6. Andy Glascott

    12v Crocodile Mod - Update, it runs

    Hi all, My croc arrived a couple of weeks ago and got built last week. I put one of the 12v Technic motors (image below) in it and improvised a working, albeit imperfect, power pickup for the 12v centre rail. When I apply power I can hear the motor is wanting to work, and when I lift the centre unit (I haven't attached the end units in tests yet) off the tracks and supply power directly to the motor, it works fine and the wheels turn. Put it on the tracks, with power directly from the 12v power supply and it won't move, so my guess is that the rather old motor just doesn't have the power to get this wonderful loco moving.... Any insights or suggestions would be welcome. Thanks, Andy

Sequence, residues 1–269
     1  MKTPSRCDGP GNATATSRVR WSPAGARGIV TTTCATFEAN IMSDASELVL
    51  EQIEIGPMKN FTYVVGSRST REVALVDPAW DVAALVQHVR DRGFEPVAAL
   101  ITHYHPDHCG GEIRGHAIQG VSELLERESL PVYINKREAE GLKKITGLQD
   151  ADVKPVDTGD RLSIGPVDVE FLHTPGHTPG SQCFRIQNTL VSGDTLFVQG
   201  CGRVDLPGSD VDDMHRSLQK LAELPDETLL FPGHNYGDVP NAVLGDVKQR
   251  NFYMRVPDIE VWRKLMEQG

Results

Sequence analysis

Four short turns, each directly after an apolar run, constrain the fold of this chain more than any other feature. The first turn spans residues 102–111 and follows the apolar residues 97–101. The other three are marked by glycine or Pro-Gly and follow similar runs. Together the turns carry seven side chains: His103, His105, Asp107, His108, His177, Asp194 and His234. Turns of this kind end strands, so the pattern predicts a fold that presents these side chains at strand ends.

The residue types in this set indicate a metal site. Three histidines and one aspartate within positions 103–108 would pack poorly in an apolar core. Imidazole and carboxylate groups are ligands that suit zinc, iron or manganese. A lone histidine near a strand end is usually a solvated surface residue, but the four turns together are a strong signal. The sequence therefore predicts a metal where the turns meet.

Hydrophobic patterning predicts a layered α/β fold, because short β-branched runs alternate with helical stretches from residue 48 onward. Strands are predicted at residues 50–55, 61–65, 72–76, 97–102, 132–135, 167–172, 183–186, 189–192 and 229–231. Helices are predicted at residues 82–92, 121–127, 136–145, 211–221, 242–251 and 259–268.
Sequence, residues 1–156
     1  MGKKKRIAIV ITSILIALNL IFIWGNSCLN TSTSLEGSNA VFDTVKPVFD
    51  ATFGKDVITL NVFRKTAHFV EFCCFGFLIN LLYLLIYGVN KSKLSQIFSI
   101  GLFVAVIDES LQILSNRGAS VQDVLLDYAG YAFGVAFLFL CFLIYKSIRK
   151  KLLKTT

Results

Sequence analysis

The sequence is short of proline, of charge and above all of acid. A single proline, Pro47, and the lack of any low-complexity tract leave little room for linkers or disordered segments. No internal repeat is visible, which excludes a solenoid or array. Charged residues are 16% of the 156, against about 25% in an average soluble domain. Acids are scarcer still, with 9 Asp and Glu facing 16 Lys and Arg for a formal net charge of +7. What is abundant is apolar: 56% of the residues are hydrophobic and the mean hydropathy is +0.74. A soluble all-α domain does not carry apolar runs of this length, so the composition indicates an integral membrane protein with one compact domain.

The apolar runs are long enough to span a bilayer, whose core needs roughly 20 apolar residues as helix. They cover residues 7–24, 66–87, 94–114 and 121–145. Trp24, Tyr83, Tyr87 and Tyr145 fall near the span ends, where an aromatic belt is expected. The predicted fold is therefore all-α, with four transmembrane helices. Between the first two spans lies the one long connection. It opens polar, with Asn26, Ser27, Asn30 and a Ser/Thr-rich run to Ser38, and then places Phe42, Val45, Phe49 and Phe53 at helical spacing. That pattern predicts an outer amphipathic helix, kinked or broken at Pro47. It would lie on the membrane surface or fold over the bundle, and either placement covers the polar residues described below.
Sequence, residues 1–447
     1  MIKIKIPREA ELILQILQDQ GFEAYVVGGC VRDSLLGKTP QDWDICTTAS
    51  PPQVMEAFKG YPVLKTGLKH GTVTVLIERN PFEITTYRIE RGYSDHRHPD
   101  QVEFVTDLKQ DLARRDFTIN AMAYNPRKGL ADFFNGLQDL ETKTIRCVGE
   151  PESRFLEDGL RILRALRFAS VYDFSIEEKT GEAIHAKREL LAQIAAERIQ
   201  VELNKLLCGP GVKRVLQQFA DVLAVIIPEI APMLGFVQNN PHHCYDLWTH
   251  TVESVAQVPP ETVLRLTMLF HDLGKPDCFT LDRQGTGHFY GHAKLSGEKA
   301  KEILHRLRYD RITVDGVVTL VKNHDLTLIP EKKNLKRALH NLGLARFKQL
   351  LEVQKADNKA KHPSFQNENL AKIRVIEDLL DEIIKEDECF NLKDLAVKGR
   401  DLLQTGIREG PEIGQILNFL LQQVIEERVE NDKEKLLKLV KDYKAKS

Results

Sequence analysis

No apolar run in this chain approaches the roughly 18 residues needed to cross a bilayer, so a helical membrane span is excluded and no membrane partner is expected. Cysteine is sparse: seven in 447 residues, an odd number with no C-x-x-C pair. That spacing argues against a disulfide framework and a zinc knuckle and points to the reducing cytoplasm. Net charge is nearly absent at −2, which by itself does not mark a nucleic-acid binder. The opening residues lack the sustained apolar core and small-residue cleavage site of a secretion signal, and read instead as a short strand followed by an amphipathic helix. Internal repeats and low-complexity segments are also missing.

7. Dear All, after so many modding activities regarding the Crocodile it is hard to believe to be able to add something new to it. Don’t know whether this is any “new” – if not, moderators please remove this thread. (Also, please excuse my crappy photography - I am not good at this nor I believe is that tiny camera I have. Also, the LDView screenshots were made without much passion ...) Here it is though: I don’t like blind drivers. (I know that in many cases they are simply mandatory – steamers with more than four driving wheels attached via connecting rods and there we are, particularly on TLG's original curved track. I know only one exception from that: Ben Beneke’s BR23 LEGO replica: This one features 6 driving wheels; they are all flanged and each pair of three wheels is connected using LEGO Flex system parts. In addition, a split center axis is used so that the corresponding center driver is moving inward when going through curves – it is a brilliant solution) With the Crocodile though, the “noses” feature only two drivers connecting via one rod that in addition allows some articulation at the wheel - rod joint. So all-flanged drivers could have worked – unfortunately though, the pivot point of the bogie is not in the center but far out between cab and nose. Blind drivers are thus used accordingly for the pair of drivers closer to the pivot point. And I don’t like them. Particularly because my LEGO layout is rather crowded. So I decided to put some track up the sloped wall – with some curves to see the crocodile meander about – I mean this is what crocodiles do when preying … and then you just see it all the time: The blind drivers are “leaving” the track. Solution: Moving axles, as has been demonstrated in countless contributions here on EB and elsewhere. I decided to articulate the axle close to the cab, which requires narrowing the 4 wide frame – I used a two wide base (three would work as well, but I simply could not figure it out). (Note the red drivers on the side facing away from my chair - will try to get the black ones some other time - do they exist as separate part at all? Need to check) Here are some LDraw screenshots: Also, as friction leading to upward pointing forces goes up quite a bit, I made some room for some "weights", which are required to counter these additional forces. So there are 10 x 1 Euro cent and 4 x 50 cent Euro pieces in each nose, considerably increasing the value of my croc. Without the extra money, each nose weighs about 145 g (not including the pony truck) – with modifications plus the money 210 g. The values of my crocodile is thus retails price + 4 Euros and 20 cents. (Well, I had only 7 50 cent coins that day - the one in the photo is a Swiss coin of almost the same size ...) Further modifications: I simply did not like the coupling offset between noses and cab, tilting the nose downward to the front. This maybe intentionally. But when you look directly at the Crocodile's noses in front of your own nose all day – I had serious sleeping problems. Solution: Not using the 4x4 Technic brick + pin (popping off all the time drove me crazy as well …), but 1x2 plates with tow ball, which conveniently came with the extra 40411 set. That required some modding of the cab frame as well – in addition to the flanges of the new drives close to the cab needing more space for pivoting. So the slopes had to be changed. The color of the axle pins (whatever that color is - sand something) of the pony truck wheels also got me mad. They are partly hidden by the bley 1x2 plates with ladder, but again my eyes are level with the Crocodile … plus I also noticed that on most pictures I found on the web of the II version the “ladder” is missing at all. So I redesigned the truck as well, now featuring a 6L black axle and no ladder. And in addition many of the implementation of previously reported mods: @Sérgio's greebling (soo nice!!!) very slightly modified, and @Sérgio's solution for closing the gap between cab and nose (plus some very minor additions, see pictures above and LDraw files, link below). Want to add the wheel guards as well, as @Sérgio and @Duq have demonstrated. What is that "plate"/slope called, you are using? What else? Ahh – changed the frames to black, as suggested by others. Not entirely because the contrast between the black wheels and greebling is then gone. So I left a few parts in dark bley – simply to show (and: because I did not have them in black). And: I removed all but 2 rubber bands on the cab. None on the wheel of the noses. So here she is: That was it. As usual, I really learned a lot from you guys. Thank you all very much for letting me again dive into the LEGO world of bricks! Forgot: Yes, it negotiates curves (S type) very well. No idea about switches, but my crocodile will only drive back and forth "on the wall", disappearing behind books and magically reappearing … that needs some BLE programming – we will see. In that regard, a lot is going on in the Mindstorms Forum! (Here are the links to the LDraw files (really very rudimentary, just for my documentation. Deep linked - as the folder is not moderated yet All the best Thorsten